When Lt. Gov. Dan Patrick presides next week over the impeachment trial of Ken Paxton, his longtime Republican ally and the state’s suspended attorney general, they will enter the proceeding interconnected financially by a series of political donations and loans tied to Paxton’s political future.
Patrick, who as judge will rule on lawyer arguments and motions that could dictate the trial’s outcome, has not publicly discussed the financial terms of a recent $2 million loan his campaign received from a pro-Paxton political action committee. The PAC separately gave Patrick’s campaign a $1 million donation, though Patrick is not up for reelection for three more years and already sits on a $22 million campaign war chest.
Separately, when Paxton was up for reelection in 2018, Patrick loaned the attorney general’s campaign $125,000. Patrick has said he is not asking Paxton to repay the loan, whose terms have not been disclosed.
In refusing to discuss how he can impartially preside over the trial in the Texas Senate, Patrick, a former talk radio host who has never practiced law, finds himself under scrutiny as he prepares to wade into a politically fraught proceeding that Paxton’s supporters, including Defend Texas Liberty PAC, have cast as a liberal witch hunt.
Last week, the American-Statesman reached out to Patrick’s office about the loan but did not get a response. The questions his office declined to answer were:
- Is Patrick expected to repay the loan, and, if so, will the repayment include interest?
- Why did Patrick accept such a large contribution from a group that supports Paxton when he knew he would preside over Paxton’s trial?
- Given the donation, is Patrick concerned about the appearance that he might be biased toward Paxton?
“I have not seen anything like this before,” said Andrew Cates, an Austin attorney who specializes in campaign finance. “I can’t make any judgment leaps, but it’s certainly unusual.”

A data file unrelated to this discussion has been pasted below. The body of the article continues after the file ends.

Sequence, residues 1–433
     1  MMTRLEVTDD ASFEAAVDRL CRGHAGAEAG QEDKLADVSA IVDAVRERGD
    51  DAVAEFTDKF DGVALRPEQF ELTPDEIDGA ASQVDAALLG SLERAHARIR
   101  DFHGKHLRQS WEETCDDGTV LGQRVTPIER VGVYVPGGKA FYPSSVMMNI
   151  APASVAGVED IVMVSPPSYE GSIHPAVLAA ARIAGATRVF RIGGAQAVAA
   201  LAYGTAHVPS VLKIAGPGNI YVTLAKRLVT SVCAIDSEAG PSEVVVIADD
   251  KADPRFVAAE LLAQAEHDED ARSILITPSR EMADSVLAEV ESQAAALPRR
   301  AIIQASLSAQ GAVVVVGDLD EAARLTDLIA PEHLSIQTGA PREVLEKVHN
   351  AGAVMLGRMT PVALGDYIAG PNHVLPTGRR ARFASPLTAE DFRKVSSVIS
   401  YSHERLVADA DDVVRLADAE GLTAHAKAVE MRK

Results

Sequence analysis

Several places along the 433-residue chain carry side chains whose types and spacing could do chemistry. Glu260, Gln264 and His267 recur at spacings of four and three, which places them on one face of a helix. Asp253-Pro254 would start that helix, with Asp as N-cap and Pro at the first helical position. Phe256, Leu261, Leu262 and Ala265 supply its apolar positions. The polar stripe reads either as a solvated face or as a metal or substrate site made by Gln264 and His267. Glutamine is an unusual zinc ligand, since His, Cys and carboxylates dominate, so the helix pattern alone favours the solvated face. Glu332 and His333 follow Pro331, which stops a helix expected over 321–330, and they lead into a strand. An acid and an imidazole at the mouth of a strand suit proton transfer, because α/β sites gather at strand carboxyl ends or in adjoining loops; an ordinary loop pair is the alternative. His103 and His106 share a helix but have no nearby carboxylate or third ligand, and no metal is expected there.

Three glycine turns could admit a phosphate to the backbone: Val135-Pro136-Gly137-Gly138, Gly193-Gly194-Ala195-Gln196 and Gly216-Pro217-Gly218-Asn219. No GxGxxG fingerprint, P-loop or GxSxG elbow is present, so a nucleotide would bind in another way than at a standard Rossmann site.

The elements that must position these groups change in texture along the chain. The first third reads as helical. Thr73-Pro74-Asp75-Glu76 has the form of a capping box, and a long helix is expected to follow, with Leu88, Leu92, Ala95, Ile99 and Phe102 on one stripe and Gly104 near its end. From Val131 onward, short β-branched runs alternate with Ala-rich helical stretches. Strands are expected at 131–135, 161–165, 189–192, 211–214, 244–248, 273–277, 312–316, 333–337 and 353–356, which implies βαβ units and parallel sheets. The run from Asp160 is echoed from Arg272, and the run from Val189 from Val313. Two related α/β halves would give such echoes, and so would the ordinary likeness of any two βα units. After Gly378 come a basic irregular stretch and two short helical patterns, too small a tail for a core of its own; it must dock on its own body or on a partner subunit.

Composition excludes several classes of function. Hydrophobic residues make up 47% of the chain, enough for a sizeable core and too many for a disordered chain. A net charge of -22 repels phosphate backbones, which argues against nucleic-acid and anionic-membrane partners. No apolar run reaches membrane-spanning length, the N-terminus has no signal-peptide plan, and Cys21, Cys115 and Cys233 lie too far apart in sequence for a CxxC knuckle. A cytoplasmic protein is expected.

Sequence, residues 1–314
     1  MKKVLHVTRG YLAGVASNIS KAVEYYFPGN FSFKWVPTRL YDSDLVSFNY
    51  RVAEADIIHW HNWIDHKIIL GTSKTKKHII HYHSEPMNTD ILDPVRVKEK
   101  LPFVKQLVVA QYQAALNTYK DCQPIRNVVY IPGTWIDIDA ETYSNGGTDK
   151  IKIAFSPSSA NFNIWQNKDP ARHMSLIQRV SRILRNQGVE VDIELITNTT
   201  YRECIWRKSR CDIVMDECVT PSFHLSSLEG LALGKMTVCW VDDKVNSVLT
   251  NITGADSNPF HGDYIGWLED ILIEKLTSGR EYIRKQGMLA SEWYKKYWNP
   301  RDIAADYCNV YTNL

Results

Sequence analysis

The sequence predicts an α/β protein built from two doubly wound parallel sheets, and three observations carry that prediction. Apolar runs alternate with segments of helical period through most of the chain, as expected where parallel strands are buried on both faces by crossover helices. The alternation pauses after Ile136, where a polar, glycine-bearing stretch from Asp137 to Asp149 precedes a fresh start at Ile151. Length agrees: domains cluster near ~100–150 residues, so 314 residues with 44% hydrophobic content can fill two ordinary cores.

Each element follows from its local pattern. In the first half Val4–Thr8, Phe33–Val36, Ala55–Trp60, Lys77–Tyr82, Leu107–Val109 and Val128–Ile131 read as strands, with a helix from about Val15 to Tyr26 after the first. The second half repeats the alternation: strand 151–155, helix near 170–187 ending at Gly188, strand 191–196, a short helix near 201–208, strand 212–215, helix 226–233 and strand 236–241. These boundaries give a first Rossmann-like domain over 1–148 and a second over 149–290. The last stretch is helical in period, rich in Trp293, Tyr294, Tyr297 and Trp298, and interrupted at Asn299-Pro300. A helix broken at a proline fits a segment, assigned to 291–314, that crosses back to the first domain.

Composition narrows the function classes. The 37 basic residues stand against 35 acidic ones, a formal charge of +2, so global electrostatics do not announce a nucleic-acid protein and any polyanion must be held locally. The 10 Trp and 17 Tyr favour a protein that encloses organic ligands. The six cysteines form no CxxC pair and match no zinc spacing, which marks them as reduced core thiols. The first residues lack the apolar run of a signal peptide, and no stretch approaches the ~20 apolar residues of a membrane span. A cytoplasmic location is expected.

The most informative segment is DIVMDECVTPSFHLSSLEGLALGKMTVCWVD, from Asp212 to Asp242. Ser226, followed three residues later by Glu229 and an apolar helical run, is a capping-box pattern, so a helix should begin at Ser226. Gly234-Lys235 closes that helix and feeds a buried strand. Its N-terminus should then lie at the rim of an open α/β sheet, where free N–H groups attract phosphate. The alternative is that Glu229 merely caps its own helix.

Under the rules the Senate approved for the impeachment trial, Patrick has discretion to abandon his role as the presiding officer. He’s allowed to offload those duties onto a senator, or to a “jurist,” who shall not run for election in 2024. Yet, it appears Patrick will run the show, leaving trial spectators to analyze his performance and whether it’s fair.
‘Like a big gaudy billboard’
On June 27, Patrick reported a $1 million donation from Defend Texas Liberty, an ultraconservative political action committee bankrolled by billionaire West Texas oil tycoons Tim Dunn and Farris Wilks. The group pushes far-right initiatives and candidates, and last year it bankrolled former state Sen. Don Huffines’ failed GOP primary challenge to Gov. Greg Abbott.
Two days after the $1 million donation, the political action committee gave Patrick an additional $2 million — this time in the form of a loan. It’s unclear whether Patrick is expected to repay the loan, as both he and Defend Texas Liberty have refused to comment on the terms of the transaction.
Though the PAC’s $3 million in contributions to Patrick’s campaign are lawful, they are by any measurement peculiar. Put into context, the amount is 30 times larger than the $100,000 donation the group gave to Patrick last year, when the lieutenant governor was running for reelection and his need for financial help was more pressing.
Brandon Rottinghaus, a University of Houston political science professor, said the money flowing to Patrick from Defend Texas Liberty is “like a big gaudy billboard saying clearly which side the conservative wing of the GOP is on.”
Specific to the $2 million loan, Rottinghaus said the intent is obvious: “The contingent nature of the donation is a clear signal about how the PAC would like him to maneuver during the trial.”
Jonathan Stickland, president of Defend Texas Liberty, declined a Statesman request for comment on the loan and whether it includes an agreement with Patrick on repayment. The only detail offered in Patrick’s public campaign finance report is that the loan’s maturity date is June 2025, meaning if he is required to repay it, it must be settled by then. A filing from Defend Texas Liberty does not provide a maturity date.